By examining in detail the material life of pre-industrial peoples around the world, Fernand Braudel significantly changed the way historians view their subject. Volume I describes food and drink, dress and housing, demography and family structure, energy and technology, money and credit, and the growth of towns.
Civilization and Capitalism, 15th-18th Century, Vol. I The Structure of Everyday Life
About the Book
Table of Contents
1 WEIGHT OF NUMBERS
Guessing the world population
Ebb and flow, The lack of statistics, How to
calculate?, The equivalence of Europe and China,
World population, Questionable figures,
The relationship between the centuries, The
old inadequate explanations, Climatic rhythms.
A scale of reference
Towns, armies and navies, A France prematurely
overpopulated, Density of population and level
of civilization, Other points inferred from
Gordon W. Hewes' map, Wild men and animals.
The eighteenth century: watershed of biological regimes
Preserving the balance, Famine, Epidemics, The plague,
The cycle of diseases, I400-1800: a long-lasting biological
The many against the few
Against the barbarians, The disappearance of the
great nomads before the seventeenth century,
The conquest of space, The resistance of cultures,
Civilization against civilization.
2 DAILY BREAD
Wheat and other grains, Wheat and crop rotation,
Low yields, compensations and disasters,
Increased cultivation and higher yields,
Local and international trade in grain, Grain
and calories, The price of grain and the standard
of living, Bread of the rich, bread and gruel of
the poor, To buy bread, or bake it at home?,
Grain rules Europe.
Rice cultivated dry and in paddy fields, The
miracle of the paddy fields, The importance of nee.
Well-ascertained origins, Maize and American
The dietary revolutions of the eighteenth century
Maize outside America, Potatoes: a great future,
Eating other people's bread.
The rest of the world
The people of the hoe, The primitive peoples.
3 SUPERFLUITY AND SUFFICIENCY
FOOD AND DRINK
Eating habits: luxury and the foods of the masses
A belated luxury, Carnivorous Europe, The decline
in meat consumption after 1550, Europe's privileged
position, The extravagances of the table, Laying the
table, The slow adoption of good manners, At the table
of Christ, Everyday foods: salt, Everyday foods: dairy
products, fats, eggs, Everyday seafoods, Cod fishing,
The decline in the vogue for pepper after 1650,
Sugar conquers the world.
Drinks, stimulants and drugs
Water, Wine, Beer, Cider, The belated popularity of
alcohol in Europe, Alcoholism outside Europe,
Chocolate, tea, coffee, Stimulants: the glories
4 SUPERFLUITY AND SUFFICIENCY:
HOUSES, CLOTHES AND FASHION
Houses throughout the world
Rich building materials: stone and brick, Less favoured
building materials: wood, earth, fabric, Rural dwellings
in Europe, Urban houses and dwellings,The urbanized
The lack of possessions of the poor, Traditional
civilizations and unchanging interiors, The double
pattern of Chinese furniture, In Black Africa, The
West and its many different types of furniture,
Floors, walls, ceilings, doors and windows, Chimneys
and fireplaces, Furnaces and stoves, Furniture makers
and the vanities of buyers, The domestic interior seen
whole, Luxury and comfort.
Costume and fashion
When society stood still, If all the world were poor ... ,
Europe and the craze for fashion, Is fashion frivolous?,
The geography of textiles, Fashion in the broad sense:
long-term change, Conclusions?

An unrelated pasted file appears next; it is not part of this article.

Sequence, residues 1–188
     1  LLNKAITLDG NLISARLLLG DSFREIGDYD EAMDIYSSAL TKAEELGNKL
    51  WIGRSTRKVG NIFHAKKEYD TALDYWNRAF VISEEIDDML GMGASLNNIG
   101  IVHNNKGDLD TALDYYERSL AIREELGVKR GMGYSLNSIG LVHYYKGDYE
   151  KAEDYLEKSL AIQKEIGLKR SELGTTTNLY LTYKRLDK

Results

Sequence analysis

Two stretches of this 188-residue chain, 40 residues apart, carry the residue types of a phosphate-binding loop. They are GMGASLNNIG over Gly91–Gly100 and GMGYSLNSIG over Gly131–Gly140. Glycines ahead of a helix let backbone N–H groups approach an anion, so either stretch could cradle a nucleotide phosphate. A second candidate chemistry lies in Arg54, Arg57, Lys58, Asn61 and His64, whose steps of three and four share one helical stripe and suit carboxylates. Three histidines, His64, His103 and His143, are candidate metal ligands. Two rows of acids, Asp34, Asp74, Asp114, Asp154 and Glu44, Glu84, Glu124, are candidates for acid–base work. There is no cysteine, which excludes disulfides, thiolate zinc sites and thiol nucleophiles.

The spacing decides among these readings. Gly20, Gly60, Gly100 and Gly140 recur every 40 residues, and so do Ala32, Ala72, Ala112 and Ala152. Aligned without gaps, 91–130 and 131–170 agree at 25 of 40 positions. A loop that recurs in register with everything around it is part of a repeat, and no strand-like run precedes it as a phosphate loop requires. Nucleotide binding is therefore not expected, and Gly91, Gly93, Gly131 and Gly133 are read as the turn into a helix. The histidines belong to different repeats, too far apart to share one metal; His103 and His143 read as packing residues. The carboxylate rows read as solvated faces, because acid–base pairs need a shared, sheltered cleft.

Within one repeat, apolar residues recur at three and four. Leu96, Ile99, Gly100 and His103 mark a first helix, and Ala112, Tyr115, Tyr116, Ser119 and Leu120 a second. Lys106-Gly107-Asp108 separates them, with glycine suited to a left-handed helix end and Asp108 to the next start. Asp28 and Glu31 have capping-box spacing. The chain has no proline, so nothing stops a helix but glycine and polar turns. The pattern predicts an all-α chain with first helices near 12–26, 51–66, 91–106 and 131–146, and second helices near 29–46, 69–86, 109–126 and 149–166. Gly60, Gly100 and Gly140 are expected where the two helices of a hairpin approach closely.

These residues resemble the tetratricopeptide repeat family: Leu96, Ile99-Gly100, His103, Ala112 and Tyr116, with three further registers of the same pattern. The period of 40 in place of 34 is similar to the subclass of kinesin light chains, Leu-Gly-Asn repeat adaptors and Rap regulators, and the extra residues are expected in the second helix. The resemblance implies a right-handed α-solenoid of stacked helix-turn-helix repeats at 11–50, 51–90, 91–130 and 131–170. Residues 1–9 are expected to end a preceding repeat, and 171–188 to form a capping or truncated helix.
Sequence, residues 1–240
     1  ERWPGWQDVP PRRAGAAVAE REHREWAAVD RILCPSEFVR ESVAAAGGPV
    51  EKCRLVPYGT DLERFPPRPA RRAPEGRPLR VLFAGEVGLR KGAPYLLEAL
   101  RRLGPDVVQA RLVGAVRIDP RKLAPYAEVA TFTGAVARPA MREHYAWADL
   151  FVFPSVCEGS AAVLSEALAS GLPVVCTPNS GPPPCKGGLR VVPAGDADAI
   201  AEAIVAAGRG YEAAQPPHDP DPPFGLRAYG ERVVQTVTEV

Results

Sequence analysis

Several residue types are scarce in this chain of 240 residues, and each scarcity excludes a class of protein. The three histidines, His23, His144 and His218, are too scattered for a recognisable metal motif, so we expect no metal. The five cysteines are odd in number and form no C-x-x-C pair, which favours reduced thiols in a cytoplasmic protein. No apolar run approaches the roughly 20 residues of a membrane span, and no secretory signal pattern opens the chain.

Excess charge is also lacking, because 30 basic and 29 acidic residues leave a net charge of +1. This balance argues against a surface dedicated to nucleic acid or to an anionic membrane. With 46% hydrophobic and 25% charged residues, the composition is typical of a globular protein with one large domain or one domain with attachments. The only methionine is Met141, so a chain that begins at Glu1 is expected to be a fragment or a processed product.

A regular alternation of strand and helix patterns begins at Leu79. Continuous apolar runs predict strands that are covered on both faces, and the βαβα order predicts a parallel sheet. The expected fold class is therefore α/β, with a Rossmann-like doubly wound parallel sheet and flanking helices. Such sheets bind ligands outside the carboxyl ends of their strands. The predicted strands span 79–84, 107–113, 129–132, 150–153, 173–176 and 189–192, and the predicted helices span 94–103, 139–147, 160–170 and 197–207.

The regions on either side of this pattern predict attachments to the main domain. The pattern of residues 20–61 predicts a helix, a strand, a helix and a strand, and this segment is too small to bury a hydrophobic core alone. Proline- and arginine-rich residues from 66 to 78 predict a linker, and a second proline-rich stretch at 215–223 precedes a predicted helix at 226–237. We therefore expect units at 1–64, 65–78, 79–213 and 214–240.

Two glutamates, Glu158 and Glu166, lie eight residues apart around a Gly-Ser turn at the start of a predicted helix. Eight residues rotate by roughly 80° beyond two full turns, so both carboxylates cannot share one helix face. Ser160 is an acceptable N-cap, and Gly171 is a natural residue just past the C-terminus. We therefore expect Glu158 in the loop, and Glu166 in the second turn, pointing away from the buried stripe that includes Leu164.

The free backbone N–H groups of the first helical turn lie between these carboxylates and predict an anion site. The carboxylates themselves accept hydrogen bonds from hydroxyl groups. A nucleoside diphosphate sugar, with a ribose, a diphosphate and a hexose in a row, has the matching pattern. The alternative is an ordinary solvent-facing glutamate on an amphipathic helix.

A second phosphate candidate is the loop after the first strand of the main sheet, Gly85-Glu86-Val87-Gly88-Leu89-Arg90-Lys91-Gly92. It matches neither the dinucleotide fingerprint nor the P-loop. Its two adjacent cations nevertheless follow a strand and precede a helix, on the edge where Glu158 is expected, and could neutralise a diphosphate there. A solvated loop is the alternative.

5 THE SPREAD OF TECHNOLOGY:
The key problem: sources of energy
The human engine, Animal power, Wind engines
and water engines, Sails: the European fleets, Wood,
an everyday source of energy,Coal, Concluding remarks.
Iron: a poor relation
The beginnings of metallurgy, Progress between
the eleventh and fifteenth centuries in Styria and
Dauphine, Semi-concentrations, A few figures,
6 THE SPREAD OF TECHNOLOGY:
REVOLUTIQN AND DELAYS
Three great technological innovations
The origins of gunpowder, Artillery becomes mobile,
Artillery on board ship, Arquebuses, muskets, rifles,
Production and costs, Artillery on a world scale, From
paper to the printing press, The invention of moveable
type, Printing and history, The triumph of the
West: ocean navigation, The navies of the Old World,
The water routes of the world, The simple problem of
Fixed itineraries, On not exaggerating the importance
of transport problems, Water transport, Antiquated
means of transport, Europe, Low speeds and capacities,
Carriage and carriers, Transport: a brake on the economy.
Problems of the history of technology
Technology and agriculture, 430 -Technology in itself.
Imperfect currencies and economies
Primitive currencies, Barter within monetary economies.
Outside Europe: early economies and metallic money
Japan and the Turkish Empire, India, China.
Some rules of the currency game
Competition between metals, Flight, saving and
hoarding, Money of account, Stocks of metal and
the velocity of monetary circulation, Outside the
Paper money and instruments of credit
Old practices, Cash and credit, Schumpeter's
diagnosis:everything is money and everything i
s credit, Money and credit: a language.
8 TOWNS AND CITIES
Towns: the problems of definition
Minimum size, combined weight, The everchanging
division of labour, The town and its newcomers:
mainly the poor, The self-consciousness of towns,
Towns, artillery and carriages in the West, Geography
and urban communications, Urban hierarchies,
Towns and civilizations: the case of Islam.
The originality of Western towns
Free worlds, Towns as outposts of modernity,
Urban patterns,Different types of development.
The big cities
The states, The function of capital cities, Unbalanced
worlds, Naples, from the Royal Palace to the Mercato,
St Petersburg in 1790,Penultimate journey: Peking,
London from Elizabeth I to George III, Urbanization,
the sign of modern man.